I realized something about this new market of fintech the other day, where banks become financial systems integrators. The realization was that banks really should think about what they are doing by developing so much of their core capabilities internally. Right now, coders are the new rock stars and banks develop pretty much everything themselves. I can’t think of hardly any large banks in the UK that have not developed their own core systems.
Why is that? Because banks developed their own core systems back in the 1960s. They then added onto these systems lots of middleware and front office applications. They then found these front, middle and back office internally-developed systems needed to be adapted to support call centers and then the Internet and most recently mobile. Now, they’re looking at wearables and the Internet of things and everything connected and thinking, wow, we need more developers to add these new-fangled gadgets to our creaky legacy network.
They have to do this because their systems were built in the last century for the physical distribution of paper in a localized network. Now, they need to be digital and their systems are just not fit for that purpose. So, what they do is separate the content of their systems – the data – from their processors – the engines.
Recently, I did a Google search, to find out how many banks have actually replaced their core system with a shiny new modern one. How many banks have created a pucker digital core?
What I discovered is lots of consultancy and vendor white papers that talk about core systems replacement and how it can be done. But the reality is that no bank is doing it.
During the summer, IBM published a research paper on Attitudes to Core Banking Transformation in Europe. The report is based upon interviews with 27 European Information Technology (IT) leaders in the major banks, including nine in the UK. What IBM discovered is that not one is committed to core systems replacement. Not a single one.
In the U.S., the situation is similar, with only BBVA cited as a bank that’s modernized its core. According to most analysts, this is the first bank to venture into such a major transformation in the last fifteen years and, even then, it doesn’t always run smoothly (see Simple’s technical issues for a case in point).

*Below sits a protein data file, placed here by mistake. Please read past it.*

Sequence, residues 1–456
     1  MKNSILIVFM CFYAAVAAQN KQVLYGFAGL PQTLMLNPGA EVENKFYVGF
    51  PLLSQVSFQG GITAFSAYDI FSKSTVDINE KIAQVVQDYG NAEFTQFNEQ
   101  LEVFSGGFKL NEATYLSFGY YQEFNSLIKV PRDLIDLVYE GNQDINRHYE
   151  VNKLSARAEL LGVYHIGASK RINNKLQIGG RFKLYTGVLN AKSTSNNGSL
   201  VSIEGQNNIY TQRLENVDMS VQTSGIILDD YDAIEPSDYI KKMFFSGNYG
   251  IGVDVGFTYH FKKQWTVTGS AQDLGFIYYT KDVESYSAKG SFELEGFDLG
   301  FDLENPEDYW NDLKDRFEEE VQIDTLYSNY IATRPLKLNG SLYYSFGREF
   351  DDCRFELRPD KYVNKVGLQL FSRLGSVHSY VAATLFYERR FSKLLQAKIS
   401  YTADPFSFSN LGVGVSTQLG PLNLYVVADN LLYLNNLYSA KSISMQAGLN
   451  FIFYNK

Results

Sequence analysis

So, we have PayPal struggling to keep up with Stripe with systems that are only fifteen years old, while banks sit happily with thousands of developers maintaining systems that pre-date PayPal and the Internet in most cases. That’s the reason for all those developers. Not for competitive purposes, not for innovation purposes, not even for cost purposes. No. All those developers are sitting there because the creaky old core systems need to be maintained whatever the cost.
In the IBM report, two-thirds of the IT leaders said that maintaining core banking systems takes up an unusually high proportion of IT budgets. YES, SO GET RID OF THEM.
Banks are not fit for the digital age if they have systems at their heart that pre-date the Internet.
Banks that have systems that pre-date the Internet do not have a digital core. Banks that have a pre-Internet core have a heart that is no longer beating. Banks with pre-internet age systems are only keeping that heart beating by using life support machines, called middleware, to make it work in unison when it does not. Banks that try to make their pre-Internet core systems work in unison are just sticking lipstick on a pig.
This is the opportunity for the new fintech crowd. The fintech age will replace the banking age with a new core. A digital one. That is why so much money is going into fintech.
It will be interesting to see what happens over the next few years, as these innovators hit the road and specifically, when we hit the tipping point where these over-staffed bank IT shops are forced to re-engineer and re-architect.
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